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Department Stores: Big Lots and the Retail Industry

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Department Stores: Big Lots and The Retail Industry

Michael Martinez


Department Stores: Big Lots and The Retail Industry

I. Problem Identification

This paper seeks some of the major developments in the strategies of Big Lots Inc. in order to improve their market share. The main problem that this paper would like to investigate is the kinds of marketing strategies that the company employs in order to achieve greater market share. This paper would also assess the kind of competition and market structure that exists in the retail industry and how this is addressed through the strategies of the company. In addition to this, this would also try to probe on some of the financial strategies that the company used in order to improve their cost structure and manage their cash flows.

II. Retail Industry Analysis

Industry Overview

Department stores are under the retail industry. They provide various products, which they market for retail. The outlook of the retail industry is currently not that promising. The main reason for this negative outlook for the retail industry is the current level of oil prices, which would inflate the level of cost of inventory associated with the increase in the level of prices of goods that retailers are selling. In fact, the August 30, 2005 surge of oil price per barrel, which reached 70 dollars per barrel, affected the retail industry a lot. The Standard and Poor’s stock price index has shown that the retail industry suffered a lot from the increase in the price of oil (Hovanesian, 2005).

The industry is also having problems in terms of their accessibility. Consumers are becoming more and more busy thus relying more on online purchases rather than visiting retail stores. It is estimates that department stores would depend on old shoppers for their profit and sales. Department stores would become more dependent on old shoppers that new and young shoppers on the next five years and this is according to Verdict Research. The older people are the fasting growing and biggest consumer segment for department stores and the retail industry (“Retail news brief: Over 55s fastest…,” 2004).

Since 1992 until 2004, retail stores are estimated to have increased their sales to 90 percent. This success however is not present for department stores, which has only grown 3.5 percent in sales. If the sales would be adjusted with rate of inflation, department store sales and revenues are estimated to have plunged by around 23 percent (“Retail news brief: Over 55s fastest…,” 2004). Department stores are therefore really hard pressed to innovate in order to improve their sales.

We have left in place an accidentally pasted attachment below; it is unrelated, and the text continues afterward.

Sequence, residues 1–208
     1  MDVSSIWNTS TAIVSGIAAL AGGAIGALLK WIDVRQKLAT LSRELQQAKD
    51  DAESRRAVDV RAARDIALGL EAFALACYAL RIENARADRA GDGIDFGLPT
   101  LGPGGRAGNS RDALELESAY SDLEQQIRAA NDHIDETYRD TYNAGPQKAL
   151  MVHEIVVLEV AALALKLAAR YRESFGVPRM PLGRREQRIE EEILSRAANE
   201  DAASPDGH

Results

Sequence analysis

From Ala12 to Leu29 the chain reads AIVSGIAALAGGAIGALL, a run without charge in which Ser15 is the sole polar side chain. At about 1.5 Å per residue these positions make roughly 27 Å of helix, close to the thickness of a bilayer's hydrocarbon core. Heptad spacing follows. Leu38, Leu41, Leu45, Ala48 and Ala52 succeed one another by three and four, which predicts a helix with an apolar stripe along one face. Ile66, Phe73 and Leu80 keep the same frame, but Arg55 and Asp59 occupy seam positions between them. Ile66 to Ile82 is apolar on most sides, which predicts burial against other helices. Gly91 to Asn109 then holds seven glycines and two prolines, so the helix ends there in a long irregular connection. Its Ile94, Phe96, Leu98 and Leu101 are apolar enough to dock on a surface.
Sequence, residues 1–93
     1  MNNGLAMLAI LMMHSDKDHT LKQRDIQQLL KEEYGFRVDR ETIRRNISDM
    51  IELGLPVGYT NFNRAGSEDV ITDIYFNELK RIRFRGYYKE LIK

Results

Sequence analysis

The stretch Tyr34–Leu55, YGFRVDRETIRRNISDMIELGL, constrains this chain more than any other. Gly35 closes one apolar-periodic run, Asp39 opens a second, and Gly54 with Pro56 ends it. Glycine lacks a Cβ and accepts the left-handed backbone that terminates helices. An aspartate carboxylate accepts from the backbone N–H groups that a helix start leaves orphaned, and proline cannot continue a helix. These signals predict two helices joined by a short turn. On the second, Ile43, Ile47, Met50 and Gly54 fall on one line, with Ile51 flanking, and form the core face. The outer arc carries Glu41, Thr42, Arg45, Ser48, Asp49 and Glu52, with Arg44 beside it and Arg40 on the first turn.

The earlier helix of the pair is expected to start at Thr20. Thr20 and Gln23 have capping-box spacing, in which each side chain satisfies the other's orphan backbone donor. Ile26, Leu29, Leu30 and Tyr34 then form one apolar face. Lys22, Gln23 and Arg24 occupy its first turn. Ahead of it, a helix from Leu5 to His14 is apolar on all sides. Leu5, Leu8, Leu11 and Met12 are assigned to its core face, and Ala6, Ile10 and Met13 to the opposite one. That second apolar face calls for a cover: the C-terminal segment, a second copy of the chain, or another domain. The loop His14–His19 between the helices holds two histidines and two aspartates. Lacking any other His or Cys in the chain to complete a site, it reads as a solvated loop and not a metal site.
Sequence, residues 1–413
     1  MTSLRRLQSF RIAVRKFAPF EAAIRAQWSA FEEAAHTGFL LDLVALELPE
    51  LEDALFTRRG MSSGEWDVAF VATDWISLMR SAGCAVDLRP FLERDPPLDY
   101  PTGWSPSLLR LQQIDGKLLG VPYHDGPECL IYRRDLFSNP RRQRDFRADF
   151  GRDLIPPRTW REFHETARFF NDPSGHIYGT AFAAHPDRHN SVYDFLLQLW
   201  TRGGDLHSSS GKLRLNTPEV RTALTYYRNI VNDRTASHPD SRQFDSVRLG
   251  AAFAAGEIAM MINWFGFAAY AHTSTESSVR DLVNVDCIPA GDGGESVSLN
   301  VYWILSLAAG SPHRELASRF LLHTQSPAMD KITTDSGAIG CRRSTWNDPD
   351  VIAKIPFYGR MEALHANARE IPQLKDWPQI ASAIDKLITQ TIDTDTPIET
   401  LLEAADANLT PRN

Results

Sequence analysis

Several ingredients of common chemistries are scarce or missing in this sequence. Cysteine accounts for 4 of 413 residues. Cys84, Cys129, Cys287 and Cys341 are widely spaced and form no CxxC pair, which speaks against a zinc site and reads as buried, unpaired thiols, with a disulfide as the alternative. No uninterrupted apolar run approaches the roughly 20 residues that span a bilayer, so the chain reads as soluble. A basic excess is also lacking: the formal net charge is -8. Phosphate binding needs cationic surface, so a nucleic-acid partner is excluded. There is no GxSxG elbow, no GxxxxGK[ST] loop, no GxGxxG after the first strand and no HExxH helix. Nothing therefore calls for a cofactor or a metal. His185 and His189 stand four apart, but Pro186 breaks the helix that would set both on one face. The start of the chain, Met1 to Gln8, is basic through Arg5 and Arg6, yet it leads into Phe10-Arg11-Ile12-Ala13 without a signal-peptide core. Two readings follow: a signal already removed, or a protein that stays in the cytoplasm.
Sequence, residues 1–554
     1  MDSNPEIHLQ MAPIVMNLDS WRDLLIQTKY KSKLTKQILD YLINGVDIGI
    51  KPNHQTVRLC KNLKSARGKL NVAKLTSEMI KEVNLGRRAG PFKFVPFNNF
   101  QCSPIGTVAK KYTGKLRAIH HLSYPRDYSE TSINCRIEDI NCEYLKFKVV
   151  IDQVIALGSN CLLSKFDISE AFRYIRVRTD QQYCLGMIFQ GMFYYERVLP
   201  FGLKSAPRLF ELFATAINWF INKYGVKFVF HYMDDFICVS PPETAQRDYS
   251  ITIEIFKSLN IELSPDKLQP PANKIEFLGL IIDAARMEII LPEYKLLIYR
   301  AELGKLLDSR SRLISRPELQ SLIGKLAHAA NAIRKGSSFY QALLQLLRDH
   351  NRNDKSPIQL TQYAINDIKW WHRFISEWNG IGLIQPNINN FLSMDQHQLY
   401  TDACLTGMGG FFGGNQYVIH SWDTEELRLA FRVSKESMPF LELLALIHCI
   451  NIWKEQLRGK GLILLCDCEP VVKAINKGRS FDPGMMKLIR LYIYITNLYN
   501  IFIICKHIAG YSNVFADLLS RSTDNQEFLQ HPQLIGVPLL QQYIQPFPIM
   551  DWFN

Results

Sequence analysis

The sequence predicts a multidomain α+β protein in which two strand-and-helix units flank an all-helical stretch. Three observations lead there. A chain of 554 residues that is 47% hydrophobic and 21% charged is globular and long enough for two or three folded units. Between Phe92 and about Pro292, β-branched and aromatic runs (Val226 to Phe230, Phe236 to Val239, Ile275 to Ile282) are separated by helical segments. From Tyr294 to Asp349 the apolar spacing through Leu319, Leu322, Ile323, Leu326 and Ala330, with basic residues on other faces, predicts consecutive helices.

According to the Unity Marketing, department store revenues fell from 88.72 billion dollars in 1993 to only 88.23 billion dollars in 2003. This is a 0.5 percent decrease in the level of sales of department stores. Despite the fall in sales, department stores are still the number retail lines in nine important consumer goods in the market. One of the most important lines for department stores is the luxury fragrances and beauty products. This means that one of the important markets for department stores today is the luxury goods. According to analysts, the success of department stores today would highly depend on the ability of these retailers to respond to the needs and desires of their luxury market and their luxurious consumers (“Luxury department,” 2005).

The department stores are declining because of the inability of these retailers to respond well with the needs of the market. Consumers are finding department stores quite boring. In addition to these, there are also complaints regarding lack of customer service and the products are also the same and not evolving to respond to the needs of the customers. Accenture business analysts have pointed to the fact that department stores have increasingly lost sight of their consumer base as ‘customers’ with specific needs (Tsiantar, 2006).

The industry players are starting to respond to the decline of department stores through focusing on specific niche market. Size alone in the retail industry would not assure success for the company. The capacity to maintain stability in the industry is now found through servicing a specific niche market. The industry is now composed of those catering to the high-income and luxury products such as Neiman Marcus and on the other hand is Wal-Mart, Big Lots, and Target catering mostly to discounters (Tsiantar, 2006).

The industry is therefore highly competitive

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